|Publication number||US8143334 B1|
|Application number||US 12/291,864|
|Publication date||Mar 27, 2012|
|Filing date||Nov 14, 2008|
|Priority date||Jun 30, 2006|
|Publication number||12291864, 291864, US 8143334 B1, US 8143334B1, US-B1-8143334, US8143334 B1, US8143334B1|
|Inventors||John L. Froess, Jr.|
|Original Assignee||Froess Jr John L|
|Export Citation||BiBTeX, EndNote, RefMan|
|Patent Citations (22), Non-Patent Citations (2), Classifications (9), Legal Events (1)|
|External Links: USPTO, USPTO Assignment, Espacenet|
This application is a continuation-in-part of U.S. patent application Ser. No. 11/479,534 filed Jun. 30, 2006 now abandoned.
The present invention is directed to the construction industry. More particularly, the present invention is directed to a construction or press board made of peanut shells.
The peanut industry has always had a problem: what do you do with the shells after they have surrendered their fruit? The shells are resistant to breakdown by weather and insects which are normally involved in the bio-degradation of similar materials such as wood, simply are not interested in peanut shells. Accordingly, the shells are piled in huge mounds which significantly overburden the land fills. Further, burning is not an option due in part to the fire resistance of the shells and due in part to the air pollution problem such incineration would create. Peanut farmers would gladly pay someone to haul them off just to be rid of them.
Couple that with the recent rebuilding going on in the southeastern US due to hurricane damage to homes, which has led to the demand for plywood outstripping the supply capabilities of the industry, and what you have is a tremendous opportunity to solve two problems at once. The present invention forms construction board of the spent peanut shells, removing the burgeoning landfill problem in Georgia and surrounding peanut farming states. The same characteristics of peanut shells which make them a disposal problem—resistance to weather degradation, pest-aversion, and fire-retardance—make them an excellent building material. Further, unlike trees which need 30-40 years to repopulate a forest and provide the resources for the lumber mill, peanuts are an annually renewable crop.
The composite construction board of the present invention comprises 87-92% by weight unreduced peanut shells; 8-13% by weight polyester binder formulation; whereby said peanut shells and polyester binder are combined in a press where they are subjected to sufficient temperature and pressure to form a sheet of construction board. More preferably, binder content comprised 11% by weight and the amount of shells 89% by weight. The polyester binder formulation comprises 98.33% by weight unsaturated polyester resin, 0.52% by weight a first catalyst/initiator; 1.05% by weight a second catalyst initiator; and, 0.10% by weight a promoter/exothermic depressant.
The method of making the composite construction board comprises the steps of placing a Mylar® or other plastic release sheet in a press having a rating of at least 100 tons; pouring a blend of 87-92% peanut shells, 8-13% polyester binder formulation into the press; subjecting said blend to at least 100 tons pressure at a temperature in a range from between 290° and 380° F. for a time period in a range between 5 and 8 minutes; and, removing a resulting sheet of composite construction board from the press and allowing it to cool to room temperature.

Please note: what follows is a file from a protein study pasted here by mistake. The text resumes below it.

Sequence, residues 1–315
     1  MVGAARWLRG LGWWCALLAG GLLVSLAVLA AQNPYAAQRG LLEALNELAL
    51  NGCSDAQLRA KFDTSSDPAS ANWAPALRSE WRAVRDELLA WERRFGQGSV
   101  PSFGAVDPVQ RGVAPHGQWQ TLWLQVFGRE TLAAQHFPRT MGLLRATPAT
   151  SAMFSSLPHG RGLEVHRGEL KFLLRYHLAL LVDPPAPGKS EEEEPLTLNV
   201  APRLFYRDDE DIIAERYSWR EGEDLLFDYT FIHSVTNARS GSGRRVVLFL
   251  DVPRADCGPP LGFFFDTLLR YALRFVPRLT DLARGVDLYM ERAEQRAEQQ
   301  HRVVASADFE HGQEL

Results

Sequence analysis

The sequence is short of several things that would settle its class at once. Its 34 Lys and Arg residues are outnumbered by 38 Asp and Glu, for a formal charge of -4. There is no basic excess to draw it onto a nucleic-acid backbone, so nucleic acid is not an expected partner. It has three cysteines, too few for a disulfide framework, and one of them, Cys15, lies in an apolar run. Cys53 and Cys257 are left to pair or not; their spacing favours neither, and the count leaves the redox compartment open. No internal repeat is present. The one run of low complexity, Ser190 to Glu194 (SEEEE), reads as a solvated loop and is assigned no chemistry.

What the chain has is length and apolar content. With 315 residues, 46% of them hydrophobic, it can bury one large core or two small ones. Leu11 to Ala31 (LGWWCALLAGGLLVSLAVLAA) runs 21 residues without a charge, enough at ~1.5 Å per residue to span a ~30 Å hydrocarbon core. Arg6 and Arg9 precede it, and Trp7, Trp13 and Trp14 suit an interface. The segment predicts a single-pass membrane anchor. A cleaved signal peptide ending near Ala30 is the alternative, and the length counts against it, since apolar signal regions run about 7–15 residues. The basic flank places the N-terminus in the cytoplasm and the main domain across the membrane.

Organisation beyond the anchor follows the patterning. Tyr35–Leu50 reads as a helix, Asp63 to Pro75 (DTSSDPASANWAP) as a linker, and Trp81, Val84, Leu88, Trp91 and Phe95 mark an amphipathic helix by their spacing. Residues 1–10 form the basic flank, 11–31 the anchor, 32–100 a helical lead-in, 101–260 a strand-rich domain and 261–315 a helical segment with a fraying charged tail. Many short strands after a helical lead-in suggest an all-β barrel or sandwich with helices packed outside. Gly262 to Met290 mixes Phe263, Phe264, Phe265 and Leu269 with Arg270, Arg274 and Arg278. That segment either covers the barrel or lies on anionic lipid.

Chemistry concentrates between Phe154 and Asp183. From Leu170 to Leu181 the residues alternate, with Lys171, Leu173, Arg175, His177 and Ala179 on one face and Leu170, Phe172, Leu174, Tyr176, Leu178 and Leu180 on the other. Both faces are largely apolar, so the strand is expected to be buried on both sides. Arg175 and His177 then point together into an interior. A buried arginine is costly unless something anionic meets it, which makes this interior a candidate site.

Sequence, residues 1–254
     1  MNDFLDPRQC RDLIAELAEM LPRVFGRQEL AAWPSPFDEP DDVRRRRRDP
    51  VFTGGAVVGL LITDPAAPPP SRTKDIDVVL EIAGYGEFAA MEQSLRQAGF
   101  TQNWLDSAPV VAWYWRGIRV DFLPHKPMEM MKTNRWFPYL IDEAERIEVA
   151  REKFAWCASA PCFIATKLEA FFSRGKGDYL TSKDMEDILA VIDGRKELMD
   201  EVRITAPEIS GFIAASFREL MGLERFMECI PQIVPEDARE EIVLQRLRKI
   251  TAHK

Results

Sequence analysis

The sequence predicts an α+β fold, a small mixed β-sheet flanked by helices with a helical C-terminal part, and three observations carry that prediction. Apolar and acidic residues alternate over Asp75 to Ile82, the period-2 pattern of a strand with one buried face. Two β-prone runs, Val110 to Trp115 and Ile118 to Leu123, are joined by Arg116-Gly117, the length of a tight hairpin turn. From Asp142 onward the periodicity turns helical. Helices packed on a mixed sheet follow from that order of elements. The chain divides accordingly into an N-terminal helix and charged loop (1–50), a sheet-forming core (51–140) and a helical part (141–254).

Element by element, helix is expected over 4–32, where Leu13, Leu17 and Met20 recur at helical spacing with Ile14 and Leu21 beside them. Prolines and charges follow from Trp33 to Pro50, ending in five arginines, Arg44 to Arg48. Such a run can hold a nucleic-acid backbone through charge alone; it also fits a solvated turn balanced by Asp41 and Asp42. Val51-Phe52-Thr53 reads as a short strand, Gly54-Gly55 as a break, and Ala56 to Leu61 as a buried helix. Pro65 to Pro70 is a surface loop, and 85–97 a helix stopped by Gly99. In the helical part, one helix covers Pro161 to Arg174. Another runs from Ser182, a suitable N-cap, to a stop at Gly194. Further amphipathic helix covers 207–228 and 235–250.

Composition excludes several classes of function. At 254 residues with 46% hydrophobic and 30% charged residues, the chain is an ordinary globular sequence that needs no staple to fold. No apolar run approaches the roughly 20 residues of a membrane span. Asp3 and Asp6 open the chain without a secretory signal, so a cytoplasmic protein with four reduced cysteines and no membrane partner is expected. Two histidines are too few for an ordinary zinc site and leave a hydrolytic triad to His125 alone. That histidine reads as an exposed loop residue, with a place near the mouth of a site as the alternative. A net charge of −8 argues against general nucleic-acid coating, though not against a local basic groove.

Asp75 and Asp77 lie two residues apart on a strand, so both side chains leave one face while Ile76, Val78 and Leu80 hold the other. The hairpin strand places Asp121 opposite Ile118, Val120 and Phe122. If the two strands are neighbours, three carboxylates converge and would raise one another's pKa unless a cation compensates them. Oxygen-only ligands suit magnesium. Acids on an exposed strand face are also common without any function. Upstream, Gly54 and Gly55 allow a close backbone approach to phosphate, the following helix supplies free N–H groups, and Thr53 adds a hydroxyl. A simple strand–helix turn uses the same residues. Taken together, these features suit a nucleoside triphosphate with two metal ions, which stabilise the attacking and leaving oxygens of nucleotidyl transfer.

Various other features, advantages, and characteristics of the present invention will become apparent after a reading of the following detailed description.
It is envisioned that this construction board made in accordance with the teachings of this invention will be available in ½″, ⅝″ and ¾″ thicknesses, with other thicknesses being possible. A MYLAR or other plastic release sheet was placed in a press with at least a 100 ton rating and then quantities of peanut shells and binder were added to the press, and cured for periods of 5-8 minutes at 100 tons pressure at temperatures ranging from 290-380° F. While various binder formulations were tried, the one producing the best results was a polyester binder formulation with the following make up:
The present invention solves the problem of what to do with the peanut shells which are overburdening the landfills of Georgia and, further, provides a weather and pest resistant construction press board which is naturally fire-retardant. Given the success of press board made of wood shavings which have significantly penetrated the plywood market, the peanut shell construction board of the present invention which has significant advantages over such particle board, should meet with widespread acceptance in the construction industry.
Various changes, alternatives, and modifications will become apparent to a person of ordinary skill in the art after a reading of the foregoing specification. It is intended that all such changes, alternatives, and modifications as fall within the scope of the appended claims be considered part of the present invention.
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|1||*||Han et al. Journal of Applied Polymer Science, vol. 34, 793-813, 1987.|
|2||*||Machine translation of CN 1485185 2010.|
|U.S. Classification||524/15, 264/109|
|International Classification||B27K3/00, B27K5/00, C08K11/00|
|Cooperative Classification||B27N3/002, B27N3/00|
|European Classification||B27N3/00B, B27N3/00|